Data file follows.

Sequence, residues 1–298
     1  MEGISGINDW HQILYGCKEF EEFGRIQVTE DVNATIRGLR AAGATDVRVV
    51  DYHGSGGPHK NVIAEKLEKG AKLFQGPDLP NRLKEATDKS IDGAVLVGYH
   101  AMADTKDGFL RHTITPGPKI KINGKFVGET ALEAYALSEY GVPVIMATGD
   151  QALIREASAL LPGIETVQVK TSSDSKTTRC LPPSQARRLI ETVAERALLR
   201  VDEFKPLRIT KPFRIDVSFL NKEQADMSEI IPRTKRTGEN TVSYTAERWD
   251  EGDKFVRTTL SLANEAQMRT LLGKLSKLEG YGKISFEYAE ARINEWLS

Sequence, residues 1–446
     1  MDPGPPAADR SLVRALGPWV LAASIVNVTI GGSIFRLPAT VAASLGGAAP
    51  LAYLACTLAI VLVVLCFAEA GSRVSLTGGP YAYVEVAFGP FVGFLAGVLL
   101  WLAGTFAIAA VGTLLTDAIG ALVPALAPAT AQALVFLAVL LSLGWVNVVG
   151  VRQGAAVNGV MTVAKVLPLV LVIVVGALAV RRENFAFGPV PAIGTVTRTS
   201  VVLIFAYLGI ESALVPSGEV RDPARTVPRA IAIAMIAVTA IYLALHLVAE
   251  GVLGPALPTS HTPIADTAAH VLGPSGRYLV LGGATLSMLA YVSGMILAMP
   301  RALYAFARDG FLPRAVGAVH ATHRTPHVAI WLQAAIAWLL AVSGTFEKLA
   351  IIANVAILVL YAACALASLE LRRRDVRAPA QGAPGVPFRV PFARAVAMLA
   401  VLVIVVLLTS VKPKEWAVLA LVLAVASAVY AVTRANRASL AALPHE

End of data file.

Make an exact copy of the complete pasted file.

Sequence, residues 1–298
     1  MEGISGINDW HQILYGCKEF EEFGRIQVTE DVNATIRGLR AAGATDVRVV
    51  DYHGSGGPHK NVIAEKLEKG AKLFQGPDLP NRLKEATDKS IDGAVLVGYH
   101  AMADTKDGFL RHTITPGPKI KINGKFVGET ALEAYALSEY GVPVIMATGD
   151  QALIREASAL LPGIETVQVK TSSDSKTTRC LPPSQARRLI ETVAERALLR
   201  VDEFKPLRIT KPFRIDVSFL NKEQADMSEI IPRTKRTGEN TVSYTAERWD
   251  EGDKFVRTTL SLANEAQMRT LLGKLSKLEG YGKISFEYAE ARINEWLS

Sequence, residues 1–446
     1  MDPGPPAADR SLVRALGPWV LAASIVNVTI GGSIFRLPAT VAASLGGAAP
    51  LAYLACTLAI VLVVLCFAEA GSRVSLTGGP YAYVEVAFGP FVGFLAGVLL
   101  WLAGTFAIAA VGTLLTDAIG ALVPALAPAT AQALVFLAVL LSLGWVNVVG
   151  VRQGAAVNGV MTVAKVLPLV LVIVVGALAV RRENFAFGPV PAIGTVTRTS
   201  VVLIFAYLGI ESALVPSGEV RDPARTVPRA IAIAMIAVTA IYLALHLVAE
   251  GVLGPALPTS HTPIADTAAH VLGPSGRYLV LGGATLSMLA YVSGMILAMP
   301  RALYAFARDG FLPRAVGAVH ATHRTPHVAI WLQAAIAWLL AVSGTFEKLA
   351  IIANVAILVL YAACALASLE LRRRDVRAPA QGAPGVPFRV PFARAVAMLA
   401  VLVIVVLLTS VKPKEWAVLA LVLAVASAVY AVTRANRASL AALPHE